The John Wesley Fellowship began in 1977, with Steve Harper and yours truly being two of the first John Wesley Fellows chosen. I have told the story of Ed Robb and AFTE this past Fall on the blog so I will not repeat it. Here are some of the senior fellows attending the meeting. […]
Without question, one of the most famous pieces of music ever written or performed is Handel’s Messiah. Note that the title of this work is not ‘The Messiah’, but simply Messiah. Above you will see one of the more flattering portraits of Handel. Handel was a German born in Halle in 1685. When he was old enough, because he wanted to compose opera, he moved to Italy at the invitation of the D’Medici family, but unfortunately for him, the Pope had banned opera at that time, and he found himself scrambling to compose occasion pieces. Eventually the ban was lifted and Handel had a successful opera entitled Agrippina, but by then he had become more famous for composing sacred music, for example his Dixit Dominus (‘Thus says the Lord) composed in 1707 became a very famous composition in due course.
In the beginnings of the 18th century there was much ferment and furor over what counted as sacred music and what counted as secular music. Handel got caught in the crossfire to some extent. Discouraged with the musical situation in Italy, Handel moved first to Germany and then to England in 1712 and by 1727 had become a naturalized citizen of the British realm. His timing here was better than in Italy because England came to have a King from Hanover in Germany, namely King George– the one the American colonists had so much trouble with. In fact Handel had returned to Germany and had become the Kapellmeister for George the Elector of Haonver before he ever became King of England. This augured will for his future and indeed Handel In fact Handel’s relationship with King Geroge was an up and down affair. In 1717 he composed the famous Water Music which was well liked, but in the what have you done for me lately department, it only brought Handel some temporary recognition and remuneration.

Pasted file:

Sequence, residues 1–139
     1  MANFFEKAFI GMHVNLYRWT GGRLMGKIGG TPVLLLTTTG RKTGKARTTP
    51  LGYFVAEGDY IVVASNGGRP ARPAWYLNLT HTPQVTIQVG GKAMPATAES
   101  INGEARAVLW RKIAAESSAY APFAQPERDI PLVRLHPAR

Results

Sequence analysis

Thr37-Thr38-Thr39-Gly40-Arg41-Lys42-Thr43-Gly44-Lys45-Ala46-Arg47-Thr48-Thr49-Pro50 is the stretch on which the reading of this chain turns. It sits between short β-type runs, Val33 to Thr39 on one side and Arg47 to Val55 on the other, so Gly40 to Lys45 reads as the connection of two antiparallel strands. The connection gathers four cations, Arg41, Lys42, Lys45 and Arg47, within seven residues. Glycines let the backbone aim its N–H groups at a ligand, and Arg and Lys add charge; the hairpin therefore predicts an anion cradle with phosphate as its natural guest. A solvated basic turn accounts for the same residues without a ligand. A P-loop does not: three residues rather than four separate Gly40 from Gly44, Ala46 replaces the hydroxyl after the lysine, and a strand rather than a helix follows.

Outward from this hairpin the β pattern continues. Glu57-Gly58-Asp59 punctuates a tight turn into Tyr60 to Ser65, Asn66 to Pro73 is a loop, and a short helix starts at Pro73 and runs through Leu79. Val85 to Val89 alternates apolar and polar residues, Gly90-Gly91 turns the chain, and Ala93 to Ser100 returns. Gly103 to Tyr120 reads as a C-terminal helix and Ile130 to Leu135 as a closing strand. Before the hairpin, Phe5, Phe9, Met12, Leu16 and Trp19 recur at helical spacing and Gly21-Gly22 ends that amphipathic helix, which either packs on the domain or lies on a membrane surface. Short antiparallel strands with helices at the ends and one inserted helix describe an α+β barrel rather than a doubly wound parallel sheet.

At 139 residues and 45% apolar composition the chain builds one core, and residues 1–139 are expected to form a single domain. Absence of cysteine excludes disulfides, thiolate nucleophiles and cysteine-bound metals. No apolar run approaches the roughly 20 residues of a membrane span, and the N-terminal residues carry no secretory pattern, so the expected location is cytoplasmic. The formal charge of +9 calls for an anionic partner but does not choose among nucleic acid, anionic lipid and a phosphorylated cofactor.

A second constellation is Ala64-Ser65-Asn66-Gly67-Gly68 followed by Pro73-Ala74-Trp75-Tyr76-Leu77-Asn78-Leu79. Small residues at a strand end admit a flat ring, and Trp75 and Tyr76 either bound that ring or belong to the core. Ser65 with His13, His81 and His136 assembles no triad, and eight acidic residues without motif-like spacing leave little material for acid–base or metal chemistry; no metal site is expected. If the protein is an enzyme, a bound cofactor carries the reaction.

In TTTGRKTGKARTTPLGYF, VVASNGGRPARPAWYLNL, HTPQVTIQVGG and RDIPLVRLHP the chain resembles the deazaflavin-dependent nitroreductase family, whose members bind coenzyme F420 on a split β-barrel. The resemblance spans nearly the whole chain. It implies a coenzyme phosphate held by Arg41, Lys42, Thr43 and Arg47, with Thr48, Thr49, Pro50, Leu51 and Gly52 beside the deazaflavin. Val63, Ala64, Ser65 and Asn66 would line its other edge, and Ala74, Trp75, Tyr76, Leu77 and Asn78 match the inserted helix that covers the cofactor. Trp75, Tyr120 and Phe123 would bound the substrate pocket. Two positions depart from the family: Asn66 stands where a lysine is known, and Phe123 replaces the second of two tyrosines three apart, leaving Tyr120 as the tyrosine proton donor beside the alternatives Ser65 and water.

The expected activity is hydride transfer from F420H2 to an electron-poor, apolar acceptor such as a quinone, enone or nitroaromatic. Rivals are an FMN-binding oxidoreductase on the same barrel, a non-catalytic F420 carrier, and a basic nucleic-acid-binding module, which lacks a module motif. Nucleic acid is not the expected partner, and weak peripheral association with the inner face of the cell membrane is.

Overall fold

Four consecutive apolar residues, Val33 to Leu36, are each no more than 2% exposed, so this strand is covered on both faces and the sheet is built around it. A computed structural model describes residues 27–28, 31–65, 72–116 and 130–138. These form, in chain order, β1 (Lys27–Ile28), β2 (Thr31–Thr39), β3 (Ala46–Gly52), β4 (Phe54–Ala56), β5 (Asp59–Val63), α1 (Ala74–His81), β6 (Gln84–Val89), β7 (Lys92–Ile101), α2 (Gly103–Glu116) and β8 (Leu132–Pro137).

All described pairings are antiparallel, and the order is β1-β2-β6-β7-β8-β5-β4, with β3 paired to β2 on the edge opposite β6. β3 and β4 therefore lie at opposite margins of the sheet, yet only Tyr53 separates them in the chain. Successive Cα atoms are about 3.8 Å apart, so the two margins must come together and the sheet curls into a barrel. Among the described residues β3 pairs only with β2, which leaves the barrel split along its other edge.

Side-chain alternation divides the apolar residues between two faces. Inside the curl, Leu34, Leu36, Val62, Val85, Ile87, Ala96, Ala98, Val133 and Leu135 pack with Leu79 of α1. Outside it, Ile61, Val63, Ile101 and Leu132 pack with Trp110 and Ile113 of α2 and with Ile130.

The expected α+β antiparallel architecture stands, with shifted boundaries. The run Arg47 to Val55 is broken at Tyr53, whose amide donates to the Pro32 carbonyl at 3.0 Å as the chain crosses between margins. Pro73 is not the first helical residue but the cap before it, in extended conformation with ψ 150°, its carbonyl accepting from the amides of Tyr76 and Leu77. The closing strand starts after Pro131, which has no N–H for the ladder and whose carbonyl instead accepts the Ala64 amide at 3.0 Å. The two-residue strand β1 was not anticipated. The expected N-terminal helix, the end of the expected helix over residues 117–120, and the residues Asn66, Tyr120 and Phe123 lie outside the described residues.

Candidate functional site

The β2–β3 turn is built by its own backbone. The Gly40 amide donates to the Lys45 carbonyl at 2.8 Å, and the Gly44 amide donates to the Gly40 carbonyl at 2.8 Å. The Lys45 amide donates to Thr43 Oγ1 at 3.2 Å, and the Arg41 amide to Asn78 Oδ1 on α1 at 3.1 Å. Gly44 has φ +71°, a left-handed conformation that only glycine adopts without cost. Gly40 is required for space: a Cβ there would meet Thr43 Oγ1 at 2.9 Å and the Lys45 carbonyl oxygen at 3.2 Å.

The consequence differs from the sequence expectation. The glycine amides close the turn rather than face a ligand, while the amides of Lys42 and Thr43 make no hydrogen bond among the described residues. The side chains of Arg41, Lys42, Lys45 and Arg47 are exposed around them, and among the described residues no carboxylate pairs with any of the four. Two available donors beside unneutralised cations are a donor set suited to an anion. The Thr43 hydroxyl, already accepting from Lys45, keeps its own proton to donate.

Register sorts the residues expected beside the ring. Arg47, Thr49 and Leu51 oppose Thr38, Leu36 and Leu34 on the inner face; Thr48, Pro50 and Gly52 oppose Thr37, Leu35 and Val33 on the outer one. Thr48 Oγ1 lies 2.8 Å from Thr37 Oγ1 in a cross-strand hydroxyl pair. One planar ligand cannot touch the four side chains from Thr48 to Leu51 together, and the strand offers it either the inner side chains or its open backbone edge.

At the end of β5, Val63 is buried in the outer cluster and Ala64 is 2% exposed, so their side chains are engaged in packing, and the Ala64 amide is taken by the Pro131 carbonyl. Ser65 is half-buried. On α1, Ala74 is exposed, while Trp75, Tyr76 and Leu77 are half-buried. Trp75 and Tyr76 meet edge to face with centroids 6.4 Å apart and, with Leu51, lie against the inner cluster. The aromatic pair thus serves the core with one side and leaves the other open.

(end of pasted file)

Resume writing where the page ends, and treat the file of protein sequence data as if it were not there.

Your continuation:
In 1725 Handel moved into a newly built flat on Brook Street in London where he was to live the rest of his life, dying in 1759. This house is today the well known Handel House museum, and well worth a visit too. Below you will see its picture. The building has a shop on the first floor called Regina Rubens.
In April of 1737 at 52 Handel seems to have suffered from a stroke which incapacitated him, making it impossible for him to perform (he played the spinet or keyboard) or conduct, because it had paralyzed his right arm and he was right handed. He also complained of blurred vision. The truth was as well, that falling in and out of favor with royalty left him alternately in and out of money, and because he was not a wise businessman he in fact lost a fortune in the opera business and, depressed and in debt, gave it up in 1740.
It was only shortly after these calamities in Handel’s life that he came across a libretto composed by Charles Jennens. Composed entirely of Scripture portions, mainly from the OT, Handel was deeply affected when he read this libretto. It was divided into three parts: 1) prophecies about the coming messiah (largely drawing on Isaiah); 2) the birth, life, ministry, death, resurrection of Christ; 3) the End times with Christ’s final victory over sin and death, largely based in the book of Revelation. Inspired, Handel decided he must compose an oratorio based on this libretto. The story of the composition of this most famous of all Christian musical works has been told variously. What we can say with certainty is that he composed the work in a short period of time during the summer of 1741, and when he got to the Hallelujah chorus, his assistant found him in tears saying “I did think I saw heaven open, and saw the very face of God”. Today of course it is the first two parts of this work that mostly get performed. The Hallelujah chorus is in fact the conclusion of part two, but in performances today it regularly is used to climax and conclude the Christmas performance of the first part of the oratorio.